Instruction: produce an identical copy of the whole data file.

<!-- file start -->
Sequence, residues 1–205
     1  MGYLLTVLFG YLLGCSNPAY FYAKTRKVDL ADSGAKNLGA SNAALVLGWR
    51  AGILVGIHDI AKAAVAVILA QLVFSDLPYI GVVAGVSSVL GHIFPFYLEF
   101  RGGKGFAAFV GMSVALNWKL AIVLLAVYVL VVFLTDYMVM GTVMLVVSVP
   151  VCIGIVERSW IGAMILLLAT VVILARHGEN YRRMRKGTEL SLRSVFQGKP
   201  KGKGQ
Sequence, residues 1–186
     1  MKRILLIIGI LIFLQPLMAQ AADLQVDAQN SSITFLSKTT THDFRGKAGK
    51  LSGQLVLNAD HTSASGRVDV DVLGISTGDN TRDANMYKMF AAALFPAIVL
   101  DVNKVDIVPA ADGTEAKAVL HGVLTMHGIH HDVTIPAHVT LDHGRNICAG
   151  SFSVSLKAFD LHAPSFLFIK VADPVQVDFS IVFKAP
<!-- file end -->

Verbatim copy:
Sequence, residues 1–205
     1  MGYLLTVLFG YLLGCSNPAY FYAKTRKVDL ADSGAKNLGA SNAALVLGWR
    51  AGILVGIHDI AKAAVAVILA QLVFSDLPYI GVVAGVSSVL GHIFPFYLEF
   101  RGGKGFAAFV GMSVALNWKL AIVLLAVYVL VVFLTDYMVM GTVMLVVSVP
   151  VCIGIVERSW IGAMILLLAT VVILARHGEN YRRMRKGTEL SLRSVFQGKP
   201  KGKGQ
Sequence, residues 1–186
     1  MKRILLIIGI LIFLQPLMAQ AADLQVDAQN SSITFLSKTT THDFRGKAGK
    51  LSGQLVLNAD HTSASGRVDV DVLGISTGDN TRDANMYKMF AAALFPAIVL
   101  DVNKVDIVPA ADGTEAKAVL HGVLTMHGIH HDVTIPAHVT LDHGRNICAG
   151  SFSVSLKAFD LHAPSFLFIK VADPVQVDFS IVFKAP